## The Packer's Hail Mary

Down by two points with zero seconds left on the game clock, the Green Bay Packer’s quarterback, one of the top tier NFL quarterbacks of the year, Aaron Rodgers, unleashed a massive 67 yard Hail Mary pass from his own 36 yard line, which landed right in the hands of tight end Richard Rodgers. The play was controversial for Green Bay haters, as it came after a slightly questionable facemask call that gave the Packers another shot at the last down of the game. For Green Bay fans this controversy only added to the heroic allure of the play.

 Analysis of the angle of release of the ball shows that Rodgers threw the ball at a nearly 45 degree angle
When I first saw the play on Thursday night, my immediate reaction was to jump up and down screaming and pumping my fists, as any passionate sports fan would. It wasn’t until the next day, seeing the replays that I began to question the physics of the pass. As can be seen in this video, the ball is launched so high that it passes out of the camera frame before descending into Rodgers’ open arms. From another angle, it is clear that the balls parabolic arc take its very close to the stadiums ceiling. I began to question the massive strength it must take to throw the ball 61 yards, and how the physics of projectile motion apply to football. Using a time measurements from the game footage and pictures of the pass to determine the angle of release, the maximum height the ball reaches can be calculated. Knowledge of the physics of projectile motion, the internet, and a protractor were the only tools necessary.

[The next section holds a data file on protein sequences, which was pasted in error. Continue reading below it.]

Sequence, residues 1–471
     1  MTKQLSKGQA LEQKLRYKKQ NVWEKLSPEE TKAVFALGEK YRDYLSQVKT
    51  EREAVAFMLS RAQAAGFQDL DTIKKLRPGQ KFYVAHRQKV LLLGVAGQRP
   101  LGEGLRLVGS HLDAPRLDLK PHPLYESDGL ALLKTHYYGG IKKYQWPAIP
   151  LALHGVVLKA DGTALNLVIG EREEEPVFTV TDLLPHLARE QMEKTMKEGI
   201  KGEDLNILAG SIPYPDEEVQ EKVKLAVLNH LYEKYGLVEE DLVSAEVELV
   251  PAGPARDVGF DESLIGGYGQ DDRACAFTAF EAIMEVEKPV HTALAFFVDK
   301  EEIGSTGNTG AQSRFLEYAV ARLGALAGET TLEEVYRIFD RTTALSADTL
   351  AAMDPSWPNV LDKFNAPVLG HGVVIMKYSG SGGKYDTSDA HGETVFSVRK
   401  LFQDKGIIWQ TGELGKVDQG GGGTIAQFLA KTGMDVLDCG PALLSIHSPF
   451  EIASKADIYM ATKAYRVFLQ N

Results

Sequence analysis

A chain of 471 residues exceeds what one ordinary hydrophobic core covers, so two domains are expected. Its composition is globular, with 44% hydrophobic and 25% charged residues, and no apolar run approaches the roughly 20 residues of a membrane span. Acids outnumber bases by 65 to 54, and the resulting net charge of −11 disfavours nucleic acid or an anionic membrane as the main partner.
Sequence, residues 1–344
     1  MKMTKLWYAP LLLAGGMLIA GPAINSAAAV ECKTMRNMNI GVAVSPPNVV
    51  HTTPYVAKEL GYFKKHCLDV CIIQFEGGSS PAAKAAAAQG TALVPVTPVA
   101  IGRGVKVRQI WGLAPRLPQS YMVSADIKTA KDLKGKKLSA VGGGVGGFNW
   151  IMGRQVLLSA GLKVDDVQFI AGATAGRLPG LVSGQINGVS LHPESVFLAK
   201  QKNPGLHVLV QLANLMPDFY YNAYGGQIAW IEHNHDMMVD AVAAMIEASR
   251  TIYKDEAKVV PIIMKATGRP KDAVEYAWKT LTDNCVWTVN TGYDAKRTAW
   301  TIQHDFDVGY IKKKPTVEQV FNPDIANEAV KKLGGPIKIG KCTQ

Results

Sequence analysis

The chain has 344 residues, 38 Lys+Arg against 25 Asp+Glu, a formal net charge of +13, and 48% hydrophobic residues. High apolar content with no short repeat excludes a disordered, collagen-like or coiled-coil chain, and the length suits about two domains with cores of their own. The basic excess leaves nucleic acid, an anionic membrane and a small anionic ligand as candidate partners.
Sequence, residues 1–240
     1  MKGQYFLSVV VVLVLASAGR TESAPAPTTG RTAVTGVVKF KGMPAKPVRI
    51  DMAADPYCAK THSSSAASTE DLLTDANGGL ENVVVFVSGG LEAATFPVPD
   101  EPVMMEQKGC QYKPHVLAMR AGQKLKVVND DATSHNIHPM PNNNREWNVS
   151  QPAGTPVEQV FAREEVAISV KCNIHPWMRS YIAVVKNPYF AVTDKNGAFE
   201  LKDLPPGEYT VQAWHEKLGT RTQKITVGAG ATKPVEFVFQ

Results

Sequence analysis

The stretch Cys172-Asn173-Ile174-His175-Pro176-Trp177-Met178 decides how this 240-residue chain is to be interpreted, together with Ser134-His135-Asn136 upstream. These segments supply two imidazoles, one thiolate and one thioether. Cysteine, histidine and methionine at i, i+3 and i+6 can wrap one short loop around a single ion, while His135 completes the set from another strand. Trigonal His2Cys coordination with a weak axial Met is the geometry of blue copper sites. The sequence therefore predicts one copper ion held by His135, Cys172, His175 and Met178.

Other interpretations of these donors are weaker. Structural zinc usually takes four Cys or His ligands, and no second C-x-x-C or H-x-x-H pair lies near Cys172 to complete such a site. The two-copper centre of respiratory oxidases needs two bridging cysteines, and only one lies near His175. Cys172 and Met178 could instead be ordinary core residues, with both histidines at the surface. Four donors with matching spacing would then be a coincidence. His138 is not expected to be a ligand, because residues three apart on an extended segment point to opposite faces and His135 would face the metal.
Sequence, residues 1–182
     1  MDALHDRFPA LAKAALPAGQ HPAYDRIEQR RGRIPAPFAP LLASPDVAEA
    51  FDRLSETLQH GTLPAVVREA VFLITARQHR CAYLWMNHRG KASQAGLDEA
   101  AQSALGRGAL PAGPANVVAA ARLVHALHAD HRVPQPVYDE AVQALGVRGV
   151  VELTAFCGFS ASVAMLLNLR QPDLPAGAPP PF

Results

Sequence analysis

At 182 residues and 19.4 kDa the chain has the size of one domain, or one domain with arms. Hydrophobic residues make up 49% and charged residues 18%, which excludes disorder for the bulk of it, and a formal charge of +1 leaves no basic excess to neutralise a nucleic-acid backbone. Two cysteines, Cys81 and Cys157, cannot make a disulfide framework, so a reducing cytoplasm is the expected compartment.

Δx= 67.0 yards (61.26m)
t= 4.35 seconds
Θ= 45°
V0=14.1 m/s
g= -9.8 m/s2

Vy0= Vo sinΘ
Vy0= 9.95 m/s

If we set the height that Aaron Rodgers released the ball from equal to zero and the time it took to reach the peak equal to half of the total travel time, solving for the final height of the ball becomes very simple.

y= y0 + vy0 - .5gt2

y= 33.1 m

1 meter= 3.28 feet

The ball peaked 109 feet above the point where Aaron Rodgers released the ball.